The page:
Neurological condition doesn’t stop Meg going wild

ADVENTURE: West Melton resident Meg Watson (left) taking on the outdoors as part of a eight-day Outward Bound course.

West Melton woman Meg Watson has proved that having a neurological condition is no barrier to achieving things she never dreamed possible.

Ms Watson, 21, attended Horizons, an eight-day Outward Bound course adapted for people with a range of intellectual disabilities.

Her group of students was challenged to test their boundaries through activities in the outdoors, including sailing, high ropes and climbing rock faces blindfolded.

With a neurological condition that affects her focus and balance, accompanied by mood disorders, including depression and anxiety, Ms Watson said going to Outward Bound really showed her she was capable of anything.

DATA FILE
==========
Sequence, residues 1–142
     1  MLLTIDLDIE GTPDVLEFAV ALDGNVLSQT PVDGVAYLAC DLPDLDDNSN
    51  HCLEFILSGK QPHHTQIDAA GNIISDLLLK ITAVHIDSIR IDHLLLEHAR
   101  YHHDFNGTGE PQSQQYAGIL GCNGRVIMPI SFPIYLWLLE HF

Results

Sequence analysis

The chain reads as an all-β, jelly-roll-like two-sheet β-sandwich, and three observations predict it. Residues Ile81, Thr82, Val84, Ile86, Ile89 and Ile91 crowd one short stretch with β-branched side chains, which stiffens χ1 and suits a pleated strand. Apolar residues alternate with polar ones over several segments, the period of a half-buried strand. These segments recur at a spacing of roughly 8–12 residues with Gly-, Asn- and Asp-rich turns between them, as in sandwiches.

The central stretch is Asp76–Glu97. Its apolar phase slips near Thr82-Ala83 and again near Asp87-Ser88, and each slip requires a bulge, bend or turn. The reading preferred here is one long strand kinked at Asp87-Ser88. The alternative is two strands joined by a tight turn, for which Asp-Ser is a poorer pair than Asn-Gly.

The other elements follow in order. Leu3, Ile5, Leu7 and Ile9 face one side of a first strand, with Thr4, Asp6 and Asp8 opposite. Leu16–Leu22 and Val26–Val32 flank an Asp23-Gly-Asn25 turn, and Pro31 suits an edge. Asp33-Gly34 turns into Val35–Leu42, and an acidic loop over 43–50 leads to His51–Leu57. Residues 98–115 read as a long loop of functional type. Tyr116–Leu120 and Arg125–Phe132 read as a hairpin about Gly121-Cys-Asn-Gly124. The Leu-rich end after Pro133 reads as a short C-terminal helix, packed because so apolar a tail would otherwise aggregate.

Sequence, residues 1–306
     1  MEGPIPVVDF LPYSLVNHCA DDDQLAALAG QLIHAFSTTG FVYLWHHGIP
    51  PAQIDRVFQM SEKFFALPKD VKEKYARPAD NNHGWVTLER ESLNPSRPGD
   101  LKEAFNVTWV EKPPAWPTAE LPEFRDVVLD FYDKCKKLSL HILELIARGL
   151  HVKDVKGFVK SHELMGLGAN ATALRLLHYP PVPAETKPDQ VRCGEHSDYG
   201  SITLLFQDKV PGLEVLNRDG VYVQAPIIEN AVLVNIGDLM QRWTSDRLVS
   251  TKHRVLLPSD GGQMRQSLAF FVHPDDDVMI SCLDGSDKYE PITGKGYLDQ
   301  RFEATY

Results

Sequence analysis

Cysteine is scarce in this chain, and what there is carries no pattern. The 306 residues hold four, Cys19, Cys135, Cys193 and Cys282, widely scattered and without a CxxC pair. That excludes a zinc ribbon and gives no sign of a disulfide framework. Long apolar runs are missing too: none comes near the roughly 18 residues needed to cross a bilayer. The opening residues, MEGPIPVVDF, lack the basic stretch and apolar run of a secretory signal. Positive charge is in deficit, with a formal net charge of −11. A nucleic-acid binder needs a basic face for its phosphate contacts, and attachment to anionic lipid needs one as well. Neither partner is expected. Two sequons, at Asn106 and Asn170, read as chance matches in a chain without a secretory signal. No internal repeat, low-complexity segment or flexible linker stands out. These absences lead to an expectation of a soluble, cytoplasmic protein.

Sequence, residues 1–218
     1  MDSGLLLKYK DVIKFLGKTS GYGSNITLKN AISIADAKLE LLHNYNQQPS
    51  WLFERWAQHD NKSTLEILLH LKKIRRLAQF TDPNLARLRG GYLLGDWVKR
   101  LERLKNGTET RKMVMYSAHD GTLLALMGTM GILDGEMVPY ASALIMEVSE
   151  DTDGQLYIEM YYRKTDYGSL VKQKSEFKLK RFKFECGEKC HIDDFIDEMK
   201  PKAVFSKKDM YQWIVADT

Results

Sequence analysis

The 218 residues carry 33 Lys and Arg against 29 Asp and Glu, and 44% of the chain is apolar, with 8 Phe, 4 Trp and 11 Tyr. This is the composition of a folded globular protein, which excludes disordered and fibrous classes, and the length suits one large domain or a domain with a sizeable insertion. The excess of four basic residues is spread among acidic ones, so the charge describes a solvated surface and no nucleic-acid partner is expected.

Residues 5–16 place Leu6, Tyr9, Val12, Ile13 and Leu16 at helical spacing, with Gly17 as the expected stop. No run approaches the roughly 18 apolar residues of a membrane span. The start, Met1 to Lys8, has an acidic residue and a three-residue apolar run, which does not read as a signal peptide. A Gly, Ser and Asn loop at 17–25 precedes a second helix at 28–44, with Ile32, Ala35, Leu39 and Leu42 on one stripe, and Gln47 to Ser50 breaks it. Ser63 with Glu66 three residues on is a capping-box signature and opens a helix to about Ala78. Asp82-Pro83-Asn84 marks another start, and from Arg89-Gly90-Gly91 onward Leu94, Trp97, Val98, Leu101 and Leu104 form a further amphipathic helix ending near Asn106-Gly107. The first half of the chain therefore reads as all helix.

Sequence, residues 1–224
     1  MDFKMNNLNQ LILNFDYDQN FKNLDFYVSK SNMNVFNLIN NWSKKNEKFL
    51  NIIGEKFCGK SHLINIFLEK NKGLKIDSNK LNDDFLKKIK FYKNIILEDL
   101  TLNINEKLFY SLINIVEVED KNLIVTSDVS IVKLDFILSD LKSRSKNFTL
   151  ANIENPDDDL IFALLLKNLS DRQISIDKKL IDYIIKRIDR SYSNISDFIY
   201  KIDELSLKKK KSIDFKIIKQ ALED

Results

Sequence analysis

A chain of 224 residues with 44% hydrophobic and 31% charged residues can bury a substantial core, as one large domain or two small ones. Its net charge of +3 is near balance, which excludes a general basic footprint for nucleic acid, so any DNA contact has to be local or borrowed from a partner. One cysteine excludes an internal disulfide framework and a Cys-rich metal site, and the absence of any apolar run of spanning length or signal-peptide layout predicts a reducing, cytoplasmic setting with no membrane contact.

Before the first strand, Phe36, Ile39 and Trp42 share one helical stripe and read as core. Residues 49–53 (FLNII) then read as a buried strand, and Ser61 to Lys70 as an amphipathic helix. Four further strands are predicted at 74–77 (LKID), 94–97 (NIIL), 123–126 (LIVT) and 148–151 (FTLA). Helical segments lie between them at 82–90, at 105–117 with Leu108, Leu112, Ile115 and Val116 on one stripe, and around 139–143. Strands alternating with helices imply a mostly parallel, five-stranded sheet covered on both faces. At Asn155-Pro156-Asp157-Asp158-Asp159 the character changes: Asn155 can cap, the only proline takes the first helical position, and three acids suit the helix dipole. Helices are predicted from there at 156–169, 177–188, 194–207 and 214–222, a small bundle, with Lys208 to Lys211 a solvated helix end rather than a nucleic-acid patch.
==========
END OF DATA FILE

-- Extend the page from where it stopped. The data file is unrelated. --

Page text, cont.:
“While it was challenging being away from family, I had time to think and I learned a lot about myself. I realised anything is possible. There were some really challenging activities, like climbing the rock face but I did it and loved it. We really are capable of doing things we don’t think are possible,” she said.

Being around people 24/7 was also a highlight.

“Being with people meant there was always someone to talk to. I loved having people around me,” she said.